This paper by Trehub et al. [43] issues an invitation to conduct more socially oriented research on music cognition as it may hold keys to the evolutionary origins of musicality. It is proposed that music promotes social and pro-social behaviour through a variety of mechanisms such as jointly experienced arousal and synchronous action across cultures. The argument is original and thought-provoking. For example, the paper covers musical universals from a fresh perspective. One universal, which is particularly novel and interesting, is repetition (of motifs and themes). Repetition is ubiquitous in music and has no clear parallel in language. Similarly, the paper presents vivid examples of social behaviours that may be akin to what is experienced while being musically engaged in a group. A vivid example is the empathy and arousal elicited by watching fire-walkers, in particular those who are relatives or friends. In sum, the authors make a convincing case for further study of the social aspects of musical engagement, which may account for the perpetuation of music. Music may outperform language in this respect because it can be shared simultaneously with more individuals and over longer distances than can speech.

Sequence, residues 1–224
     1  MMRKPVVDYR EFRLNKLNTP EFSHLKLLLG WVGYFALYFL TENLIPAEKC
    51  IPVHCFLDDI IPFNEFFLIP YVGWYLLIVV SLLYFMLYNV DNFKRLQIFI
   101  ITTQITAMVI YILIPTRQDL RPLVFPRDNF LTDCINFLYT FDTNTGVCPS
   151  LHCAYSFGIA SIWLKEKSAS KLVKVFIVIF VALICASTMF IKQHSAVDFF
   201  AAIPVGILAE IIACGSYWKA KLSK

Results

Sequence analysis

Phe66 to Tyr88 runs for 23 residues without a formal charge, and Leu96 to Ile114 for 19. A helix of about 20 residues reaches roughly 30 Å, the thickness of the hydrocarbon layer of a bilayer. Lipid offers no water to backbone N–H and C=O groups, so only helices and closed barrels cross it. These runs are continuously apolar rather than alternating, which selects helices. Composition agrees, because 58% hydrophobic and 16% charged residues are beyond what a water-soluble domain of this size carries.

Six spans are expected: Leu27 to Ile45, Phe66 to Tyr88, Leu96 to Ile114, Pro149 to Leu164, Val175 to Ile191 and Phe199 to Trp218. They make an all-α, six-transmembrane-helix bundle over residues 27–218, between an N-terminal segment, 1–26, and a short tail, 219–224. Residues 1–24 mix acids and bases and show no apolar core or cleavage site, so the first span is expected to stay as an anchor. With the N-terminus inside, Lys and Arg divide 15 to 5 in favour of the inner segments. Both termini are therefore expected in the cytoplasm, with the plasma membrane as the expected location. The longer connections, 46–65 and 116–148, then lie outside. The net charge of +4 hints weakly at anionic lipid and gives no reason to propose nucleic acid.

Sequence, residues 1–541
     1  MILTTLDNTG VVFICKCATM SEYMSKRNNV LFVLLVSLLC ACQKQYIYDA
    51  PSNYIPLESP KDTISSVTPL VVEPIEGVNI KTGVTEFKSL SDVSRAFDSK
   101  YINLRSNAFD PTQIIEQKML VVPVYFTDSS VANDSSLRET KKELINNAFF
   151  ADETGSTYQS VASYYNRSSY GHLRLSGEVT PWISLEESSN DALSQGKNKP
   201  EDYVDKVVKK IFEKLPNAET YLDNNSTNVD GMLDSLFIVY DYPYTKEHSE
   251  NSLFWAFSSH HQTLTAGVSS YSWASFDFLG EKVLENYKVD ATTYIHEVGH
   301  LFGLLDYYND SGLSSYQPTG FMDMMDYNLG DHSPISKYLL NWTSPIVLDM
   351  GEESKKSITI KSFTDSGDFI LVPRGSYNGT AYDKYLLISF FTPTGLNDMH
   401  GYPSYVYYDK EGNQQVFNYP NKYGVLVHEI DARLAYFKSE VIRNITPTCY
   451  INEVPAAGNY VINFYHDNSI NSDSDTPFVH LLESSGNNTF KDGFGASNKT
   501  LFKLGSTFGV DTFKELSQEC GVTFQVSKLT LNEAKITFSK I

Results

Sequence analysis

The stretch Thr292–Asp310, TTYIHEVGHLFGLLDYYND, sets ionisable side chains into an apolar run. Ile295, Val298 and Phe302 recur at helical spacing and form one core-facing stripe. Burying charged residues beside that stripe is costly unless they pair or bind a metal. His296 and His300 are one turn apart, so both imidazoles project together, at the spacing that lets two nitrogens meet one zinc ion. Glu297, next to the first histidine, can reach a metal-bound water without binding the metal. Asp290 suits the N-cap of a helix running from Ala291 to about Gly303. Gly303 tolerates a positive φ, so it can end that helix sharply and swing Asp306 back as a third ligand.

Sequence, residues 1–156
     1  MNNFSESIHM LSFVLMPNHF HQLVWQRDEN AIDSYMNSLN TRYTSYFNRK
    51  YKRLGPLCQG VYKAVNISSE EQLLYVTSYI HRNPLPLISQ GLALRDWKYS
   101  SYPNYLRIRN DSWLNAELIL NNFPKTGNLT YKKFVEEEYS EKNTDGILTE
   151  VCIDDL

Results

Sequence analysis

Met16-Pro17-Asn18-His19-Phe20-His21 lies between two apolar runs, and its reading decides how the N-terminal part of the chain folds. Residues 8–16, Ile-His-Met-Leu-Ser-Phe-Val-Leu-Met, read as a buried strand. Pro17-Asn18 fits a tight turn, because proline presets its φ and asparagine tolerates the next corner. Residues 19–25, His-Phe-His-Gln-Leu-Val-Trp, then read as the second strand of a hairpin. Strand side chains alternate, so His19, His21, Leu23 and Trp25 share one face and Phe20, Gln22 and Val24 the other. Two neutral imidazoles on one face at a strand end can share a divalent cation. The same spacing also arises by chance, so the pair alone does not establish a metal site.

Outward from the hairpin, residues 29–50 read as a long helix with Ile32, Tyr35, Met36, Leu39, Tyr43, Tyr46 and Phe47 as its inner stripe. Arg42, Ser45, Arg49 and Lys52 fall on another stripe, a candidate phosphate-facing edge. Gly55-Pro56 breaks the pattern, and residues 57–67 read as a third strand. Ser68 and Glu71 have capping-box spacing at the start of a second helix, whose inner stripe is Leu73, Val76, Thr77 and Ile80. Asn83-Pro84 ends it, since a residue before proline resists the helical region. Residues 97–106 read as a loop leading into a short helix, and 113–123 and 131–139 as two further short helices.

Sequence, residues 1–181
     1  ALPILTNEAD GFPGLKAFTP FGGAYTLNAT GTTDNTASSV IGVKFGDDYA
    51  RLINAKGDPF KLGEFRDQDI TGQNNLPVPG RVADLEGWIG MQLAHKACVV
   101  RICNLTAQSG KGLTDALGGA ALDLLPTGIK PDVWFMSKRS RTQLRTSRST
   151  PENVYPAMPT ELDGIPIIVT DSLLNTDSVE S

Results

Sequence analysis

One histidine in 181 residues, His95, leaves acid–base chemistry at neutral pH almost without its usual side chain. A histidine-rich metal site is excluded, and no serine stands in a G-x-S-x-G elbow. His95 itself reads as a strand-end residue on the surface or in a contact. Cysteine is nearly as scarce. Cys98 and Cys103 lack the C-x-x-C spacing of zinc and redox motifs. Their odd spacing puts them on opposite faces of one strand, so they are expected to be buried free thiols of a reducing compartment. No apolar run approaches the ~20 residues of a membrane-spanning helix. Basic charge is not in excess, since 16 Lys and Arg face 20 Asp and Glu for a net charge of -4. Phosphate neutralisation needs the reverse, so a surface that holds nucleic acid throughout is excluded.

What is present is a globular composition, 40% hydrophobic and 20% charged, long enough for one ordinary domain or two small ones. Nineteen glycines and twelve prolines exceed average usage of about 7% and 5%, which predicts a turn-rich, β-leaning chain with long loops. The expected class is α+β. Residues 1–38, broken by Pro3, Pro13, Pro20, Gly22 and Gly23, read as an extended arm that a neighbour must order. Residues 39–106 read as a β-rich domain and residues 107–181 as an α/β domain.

(f) Neural overlap in processing music and speech

    While there is a growing literature on the relationship between music and language, especially with regard to the underlying brain processes that facilitate music and speech (cf. [63]), there are at least four competing views on how music and speech are processed in the brain: (i) music and speech make use of identical brain networks (identity hypothesis), (ii) music and speech processing occur in overlapping brain regions (neural sharing hypothesis), (iii) music and speech have neural overlap but do not share neural circuitry (neural overlap hypothesis) or (iv) they are distinct (dissociation hypothesis).

    The paper by Peretz et al. [68] elaborates the third hypothesis that stresses the distinction between brain locations and brain networks. The authors argue that part of the neural circuitry that has been established for language may have been recycled during evolution for musicality or, alternatively, that musicality served as a springboard for the emergence of language.